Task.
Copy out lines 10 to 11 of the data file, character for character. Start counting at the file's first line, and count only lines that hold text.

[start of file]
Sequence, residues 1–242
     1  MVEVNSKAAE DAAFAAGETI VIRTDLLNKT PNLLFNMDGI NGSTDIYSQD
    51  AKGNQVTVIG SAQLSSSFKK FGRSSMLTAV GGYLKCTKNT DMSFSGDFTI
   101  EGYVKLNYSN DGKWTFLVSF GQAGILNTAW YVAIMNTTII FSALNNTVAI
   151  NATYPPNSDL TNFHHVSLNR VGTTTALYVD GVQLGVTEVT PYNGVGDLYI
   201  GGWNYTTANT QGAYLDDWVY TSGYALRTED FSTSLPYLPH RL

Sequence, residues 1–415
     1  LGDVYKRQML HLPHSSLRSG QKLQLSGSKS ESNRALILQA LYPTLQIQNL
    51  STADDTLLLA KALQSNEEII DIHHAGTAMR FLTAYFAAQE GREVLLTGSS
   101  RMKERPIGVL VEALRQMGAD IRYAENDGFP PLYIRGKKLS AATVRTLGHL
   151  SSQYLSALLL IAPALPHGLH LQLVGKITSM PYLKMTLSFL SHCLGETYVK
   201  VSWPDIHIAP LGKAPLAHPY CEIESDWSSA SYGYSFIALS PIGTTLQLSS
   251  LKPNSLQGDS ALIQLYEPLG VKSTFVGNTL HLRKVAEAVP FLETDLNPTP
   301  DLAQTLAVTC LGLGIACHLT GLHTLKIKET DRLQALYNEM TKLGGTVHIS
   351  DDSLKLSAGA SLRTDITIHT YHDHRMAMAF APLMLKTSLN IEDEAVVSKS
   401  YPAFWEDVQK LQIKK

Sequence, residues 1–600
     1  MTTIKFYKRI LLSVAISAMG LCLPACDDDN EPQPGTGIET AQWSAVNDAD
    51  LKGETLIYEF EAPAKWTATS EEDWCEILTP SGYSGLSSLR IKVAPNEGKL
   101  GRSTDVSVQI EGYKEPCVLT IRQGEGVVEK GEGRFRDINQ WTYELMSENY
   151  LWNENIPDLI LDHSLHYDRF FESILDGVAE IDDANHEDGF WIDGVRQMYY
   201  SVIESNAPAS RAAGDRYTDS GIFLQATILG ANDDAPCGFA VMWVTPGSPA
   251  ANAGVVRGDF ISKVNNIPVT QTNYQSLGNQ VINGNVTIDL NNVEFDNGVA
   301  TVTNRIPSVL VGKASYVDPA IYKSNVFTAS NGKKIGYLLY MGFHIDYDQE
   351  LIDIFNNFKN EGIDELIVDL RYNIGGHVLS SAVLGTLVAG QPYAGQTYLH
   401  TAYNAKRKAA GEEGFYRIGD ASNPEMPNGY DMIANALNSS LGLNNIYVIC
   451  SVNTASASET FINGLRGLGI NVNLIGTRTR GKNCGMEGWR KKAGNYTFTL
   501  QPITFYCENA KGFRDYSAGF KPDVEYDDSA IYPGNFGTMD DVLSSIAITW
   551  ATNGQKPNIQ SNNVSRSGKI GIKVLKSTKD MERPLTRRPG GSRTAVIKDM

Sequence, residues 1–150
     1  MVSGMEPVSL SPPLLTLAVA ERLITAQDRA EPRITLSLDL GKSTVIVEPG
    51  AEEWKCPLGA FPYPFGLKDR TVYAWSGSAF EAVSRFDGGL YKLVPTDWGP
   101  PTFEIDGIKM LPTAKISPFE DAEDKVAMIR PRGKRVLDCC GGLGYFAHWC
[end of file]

   101  RMKERPIGVL VEALRQMGAD IRYAENDGFP PLYIRGKKLS AATVRTLGHL
   151  SSQYLSALLL IAPALPHGLH LQLVGKITSM PYLKMTLSFL SHCLGETYVK